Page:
Proposed legislation that aims to provide better support to Scotland’s carers has been backed by the Health and Sport Committee. However, MSPs are calling for the Scottish Government to address a number of concerns.
In its stage one report on the Carers (Scotland) Bill, the Committee outlines its concern that the costs the Government has set out to pay for implementation of the legislation may be underestimated and that this may have a detrimental effect on other care services. MSPs are calling on the Government to commit to providing additional funding should the costs of implementing this bill be significantly higher.
On the detail of the proposals the Committee is concerned that the broadening of the definition of a ‘carer’ could reduce local authorities ability to prioritise cases which may then result in resources being diverted away from those cared for people most in need.
The Committee also believes that there should be a greater emphasis in the Bill on the role of the NHS, integration joint boards where appropriate and that GP practices in particular could play a greater role in identifying carers.
MSPs also share the concerns of carer’s organisations that a lack of consultation with carers when the person for whom they are caring is admitted to hospital or most importantly when they are discharged, could lead to unnecessary readmissions to hospital. The Committee has recommended that the Government respond to the call for a duty to be placed on health boards to involve carers in hospital admissions and discharge procedures.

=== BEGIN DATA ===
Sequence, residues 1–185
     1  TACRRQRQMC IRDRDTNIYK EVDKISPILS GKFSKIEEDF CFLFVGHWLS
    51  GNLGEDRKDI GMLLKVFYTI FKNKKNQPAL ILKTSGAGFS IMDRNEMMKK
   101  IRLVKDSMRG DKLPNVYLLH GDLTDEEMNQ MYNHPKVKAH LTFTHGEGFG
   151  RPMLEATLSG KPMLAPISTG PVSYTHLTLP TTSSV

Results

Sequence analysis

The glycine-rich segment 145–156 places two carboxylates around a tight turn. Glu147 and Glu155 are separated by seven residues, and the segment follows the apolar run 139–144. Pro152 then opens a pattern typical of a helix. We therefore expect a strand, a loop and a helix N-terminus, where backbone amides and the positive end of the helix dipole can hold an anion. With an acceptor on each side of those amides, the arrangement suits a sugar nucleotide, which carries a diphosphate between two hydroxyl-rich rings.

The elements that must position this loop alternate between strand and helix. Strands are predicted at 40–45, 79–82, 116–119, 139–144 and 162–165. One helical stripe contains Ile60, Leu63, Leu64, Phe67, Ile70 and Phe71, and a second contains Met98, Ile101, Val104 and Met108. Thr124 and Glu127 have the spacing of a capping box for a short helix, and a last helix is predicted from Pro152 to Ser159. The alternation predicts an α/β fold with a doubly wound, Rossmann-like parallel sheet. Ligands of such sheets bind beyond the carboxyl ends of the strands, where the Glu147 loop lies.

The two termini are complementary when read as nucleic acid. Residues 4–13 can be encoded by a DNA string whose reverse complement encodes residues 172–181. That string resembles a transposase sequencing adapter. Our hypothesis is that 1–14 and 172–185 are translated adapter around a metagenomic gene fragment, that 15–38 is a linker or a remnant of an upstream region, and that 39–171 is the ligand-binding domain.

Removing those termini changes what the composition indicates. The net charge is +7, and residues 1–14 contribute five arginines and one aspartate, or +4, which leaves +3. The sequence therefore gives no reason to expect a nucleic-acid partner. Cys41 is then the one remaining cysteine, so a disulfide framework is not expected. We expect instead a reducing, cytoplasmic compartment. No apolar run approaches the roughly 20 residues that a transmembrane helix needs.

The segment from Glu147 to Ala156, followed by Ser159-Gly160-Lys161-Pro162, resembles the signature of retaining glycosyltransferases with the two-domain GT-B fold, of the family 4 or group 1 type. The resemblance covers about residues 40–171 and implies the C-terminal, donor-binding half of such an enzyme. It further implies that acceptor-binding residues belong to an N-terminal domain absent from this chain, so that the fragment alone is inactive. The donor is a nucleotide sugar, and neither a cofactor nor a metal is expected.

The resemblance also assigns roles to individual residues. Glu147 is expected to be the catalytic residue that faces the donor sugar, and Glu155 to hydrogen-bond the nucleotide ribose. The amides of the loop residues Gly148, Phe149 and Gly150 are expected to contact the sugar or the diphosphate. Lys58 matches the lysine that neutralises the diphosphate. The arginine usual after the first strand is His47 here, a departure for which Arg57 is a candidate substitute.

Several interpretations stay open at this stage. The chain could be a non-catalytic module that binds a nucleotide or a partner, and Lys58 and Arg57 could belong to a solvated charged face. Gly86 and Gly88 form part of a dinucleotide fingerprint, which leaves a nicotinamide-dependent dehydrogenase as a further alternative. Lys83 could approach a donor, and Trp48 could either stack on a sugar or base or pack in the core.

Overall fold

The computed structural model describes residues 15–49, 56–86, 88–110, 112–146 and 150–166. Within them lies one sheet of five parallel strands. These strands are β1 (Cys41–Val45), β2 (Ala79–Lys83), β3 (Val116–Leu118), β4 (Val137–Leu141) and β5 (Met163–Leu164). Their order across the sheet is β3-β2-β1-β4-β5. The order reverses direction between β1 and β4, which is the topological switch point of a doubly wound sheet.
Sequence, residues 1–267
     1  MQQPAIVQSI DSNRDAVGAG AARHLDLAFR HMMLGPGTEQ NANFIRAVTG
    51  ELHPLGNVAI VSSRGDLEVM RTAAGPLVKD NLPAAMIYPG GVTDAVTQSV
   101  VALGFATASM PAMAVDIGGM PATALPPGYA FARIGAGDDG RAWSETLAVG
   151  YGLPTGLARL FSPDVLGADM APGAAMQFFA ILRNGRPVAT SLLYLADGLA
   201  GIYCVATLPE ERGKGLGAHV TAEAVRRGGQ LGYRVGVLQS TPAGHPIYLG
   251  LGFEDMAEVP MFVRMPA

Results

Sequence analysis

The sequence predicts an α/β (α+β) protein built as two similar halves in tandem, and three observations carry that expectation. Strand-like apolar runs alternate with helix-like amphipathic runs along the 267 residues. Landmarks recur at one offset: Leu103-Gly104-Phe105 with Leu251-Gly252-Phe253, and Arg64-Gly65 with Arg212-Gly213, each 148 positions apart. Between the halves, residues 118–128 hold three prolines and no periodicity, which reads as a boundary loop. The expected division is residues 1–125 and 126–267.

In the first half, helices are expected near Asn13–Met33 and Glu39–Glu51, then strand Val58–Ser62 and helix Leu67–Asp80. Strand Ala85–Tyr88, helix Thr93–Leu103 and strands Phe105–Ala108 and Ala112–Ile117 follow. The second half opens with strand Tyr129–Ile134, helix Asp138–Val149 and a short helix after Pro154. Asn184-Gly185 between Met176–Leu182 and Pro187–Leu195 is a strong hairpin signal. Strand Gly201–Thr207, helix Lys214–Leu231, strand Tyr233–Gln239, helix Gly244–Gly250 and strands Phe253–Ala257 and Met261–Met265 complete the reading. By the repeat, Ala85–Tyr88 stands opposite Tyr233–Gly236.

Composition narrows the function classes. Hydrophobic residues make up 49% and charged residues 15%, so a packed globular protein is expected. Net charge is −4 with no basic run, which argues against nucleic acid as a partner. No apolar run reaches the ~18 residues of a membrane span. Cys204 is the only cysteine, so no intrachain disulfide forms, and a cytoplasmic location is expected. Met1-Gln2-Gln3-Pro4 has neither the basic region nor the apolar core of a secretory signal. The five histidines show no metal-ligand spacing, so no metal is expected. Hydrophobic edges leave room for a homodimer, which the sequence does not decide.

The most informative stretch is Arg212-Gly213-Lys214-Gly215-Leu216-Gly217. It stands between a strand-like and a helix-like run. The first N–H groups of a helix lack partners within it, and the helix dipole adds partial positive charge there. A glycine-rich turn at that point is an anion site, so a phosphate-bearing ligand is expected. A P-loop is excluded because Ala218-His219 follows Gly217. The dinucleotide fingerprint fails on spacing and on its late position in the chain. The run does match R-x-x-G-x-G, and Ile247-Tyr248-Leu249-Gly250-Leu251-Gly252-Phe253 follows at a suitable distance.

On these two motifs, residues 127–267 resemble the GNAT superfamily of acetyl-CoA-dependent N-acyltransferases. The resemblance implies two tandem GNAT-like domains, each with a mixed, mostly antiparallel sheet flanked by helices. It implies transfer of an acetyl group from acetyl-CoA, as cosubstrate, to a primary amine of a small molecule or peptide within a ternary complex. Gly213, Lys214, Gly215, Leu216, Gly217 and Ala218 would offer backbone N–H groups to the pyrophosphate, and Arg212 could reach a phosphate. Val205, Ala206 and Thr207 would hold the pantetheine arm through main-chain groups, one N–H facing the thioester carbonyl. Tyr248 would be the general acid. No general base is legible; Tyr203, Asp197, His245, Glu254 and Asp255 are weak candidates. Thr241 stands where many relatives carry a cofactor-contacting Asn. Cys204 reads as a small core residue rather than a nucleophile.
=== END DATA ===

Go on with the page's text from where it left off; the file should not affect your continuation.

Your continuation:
Convener of the Committee Duncan McNeil MSP said:
“It is clear from our work into this legislation that carers make an invaluable contribution within our society and that this role often goes unrecognised.
“Our Committee believes that this legislation will significantly contribute to supporting carers. However, we have a number of concerns which we are asking the Scottish Government to urgently address.
“We are also calling for assurances from the Scottish Government that this bill actually has the resources behind it to deliver the step change that it promises on paper.”
Deputy Convener of the Committee Bob Doris MSP said:
“During our scrutiny of this legislation we spoke too and heard directly from many carers across Scotland to get their view on how this bill would influence their lives and the life of the person they care for.
“The Committee was clear that this legislation would provide a better deal for carers and would enable support services to be more targeted and focused on the carer themselves.
“However, there are clearly areas of detail that the Scottish Government needs to work on as this legislation progresses through Parliament. Our Committee was clear that areas such as the role of the NHS and GPs and consultation with carers on hospital admissions are two areas that need action.”
The report made a number of recommendations including the following:
On the definition of a carer:
- The Committee supports the broadening of the definition of ‘carer’ and the provision of a universal entitlement to an Adult Carer Support Plan and Young Carer Statement which will enable more carers to seek support. However, we are concerned by witness evidence that this could reduce local authorities ability to prioritise cases which may then result in resources being diverted away from those cared for people most in need.
On eligibility criteria:
- The Committee recognises the concerns on both sides, with regards to setting out eligibility criteria either locally or nationally. We note the Scottish Government’s intention to provide national direction through guidance to which local authorities must have regard.